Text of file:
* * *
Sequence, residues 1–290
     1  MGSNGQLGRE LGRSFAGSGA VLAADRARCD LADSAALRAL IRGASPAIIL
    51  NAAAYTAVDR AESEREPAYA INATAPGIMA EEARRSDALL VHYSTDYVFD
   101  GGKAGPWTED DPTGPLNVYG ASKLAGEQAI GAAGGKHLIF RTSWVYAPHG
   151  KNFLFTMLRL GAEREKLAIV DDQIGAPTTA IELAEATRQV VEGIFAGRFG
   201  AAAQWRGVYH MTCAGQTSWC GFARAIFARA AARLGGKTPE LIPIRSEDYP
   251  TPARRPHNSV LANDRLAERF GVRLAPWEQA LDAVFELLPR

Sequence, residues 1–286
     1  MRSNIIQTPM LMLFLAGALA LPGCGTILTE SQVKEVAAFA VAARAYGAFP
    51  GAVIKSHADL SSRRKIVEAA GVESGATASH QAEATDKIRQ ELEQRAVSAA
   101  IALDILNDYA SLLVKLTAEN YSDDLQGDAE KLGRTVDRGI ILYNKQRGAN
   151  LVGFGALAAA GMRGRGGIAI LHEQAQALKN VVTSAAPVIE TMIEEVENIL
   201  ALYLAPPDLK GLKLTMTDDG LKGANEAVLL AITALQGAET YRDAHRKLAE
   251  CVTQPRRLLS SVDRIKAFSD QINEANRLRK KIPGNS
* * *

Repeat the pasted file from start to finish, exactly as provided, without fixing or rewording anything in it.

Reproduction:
Sequence, residues 1–290
     1  MGSNGQLGRE LGRSFAGSGA VLAADRARCD LADSAALRAL IRGASPAIIL
    51  NAAAYTAVDR AESEREPAYA INATAPGIMA EEARRSDALL VHYSTDYVFD
   101  GGKAGPWTED DPTGPLNVYG ASKLAGEQAI GAAGGKHLIF RTSWVYAPHG
   151  KNFLFTMLRL GAEREKLAIV DDQIGAPTTA IELAEATRQV VEGIFAGRFG
   201  AAAQWRGVYH MTCAGQTSWC GFARAIFARA AARLGGKTPE LIPIRSEDYP
   251  TPARRPHNSV LANDRLAERF GVRLAPWEQA LDAVFELLPR

Sequence, residues 1–286
     1  MRSNIIQTPM LMLFLAGALA LPGCGTILTE SQVKEVAAFA VAARAYGAFP
    51  GAVIKSHADL SSRRKIVEAA GVESGATASH QAEATDKIRQ ELEQRAVSAA
   101  IALDILNDYA SLLVKLTAEN YSDDLQGDAE KLGRTVDRGI ILYNKQRGAN
   151  LVGFGALAAA GMRGRGGIAI LHEQAQALKN VVTSAAPVIE TMIEEVENIL
   201  ALYLAPPDLK GLKLTMTDDG LKGANEAVLL AITALQGAET YRDAHRKLAE
   251  CVTQPRRLLS SVDRIKAFSD QINEANRLRK KIPGNS